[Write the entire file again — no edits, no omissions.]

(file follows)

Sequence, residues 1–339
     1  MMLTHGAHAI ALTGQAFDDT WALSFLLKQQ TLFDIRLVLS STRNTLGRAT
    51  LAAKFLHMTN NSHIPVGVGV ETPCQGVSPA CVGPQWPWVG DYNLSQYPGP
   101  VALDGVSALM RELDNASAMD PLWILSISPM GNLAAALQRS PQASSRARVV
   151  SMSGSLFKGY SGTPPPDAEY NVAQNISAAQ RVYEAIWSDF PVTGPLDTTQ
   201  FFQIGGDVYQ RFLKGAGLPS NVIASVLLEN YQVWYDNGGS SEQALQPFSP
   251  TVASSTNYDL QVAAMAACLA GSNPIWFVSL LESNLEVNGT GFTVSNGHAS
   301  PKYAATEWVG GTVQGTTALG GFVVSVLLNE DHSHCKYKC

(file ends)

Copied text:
Sequence, residues 1–339
     1  MMLTHGAHAI ALTGQAFDDT WALSFLLKQQ TLFDIRLVLS STRNTLGRAT
    51  LAAKFLHMTN NSHIPVGVGV ETPCQGVSPA CVGPQWPWVG DYNLSQYPGP
   101  VALDGVSALM RELDNASAMD PLWILSISPM GNLAAALQRS PQASSRARVV
   151  SMSGSLFKGY SGTPPPDAEY NVAQNISAAQ RVYEAIWSDF PVTGPLDTTQ
   201  FFQIGGDVYQ RFLKGAGLPS NVIASVLLEN YQVWYDNGGS SEQALQPFSP
   251  TVASSTNYDL QVAAMAACLA GSNPIWFVSL LESNLEVNGT GFTVSNGHAS
   301  PKYAATEWVG GTVQGTTALG GFVVSVLLNE DHSHCKYKC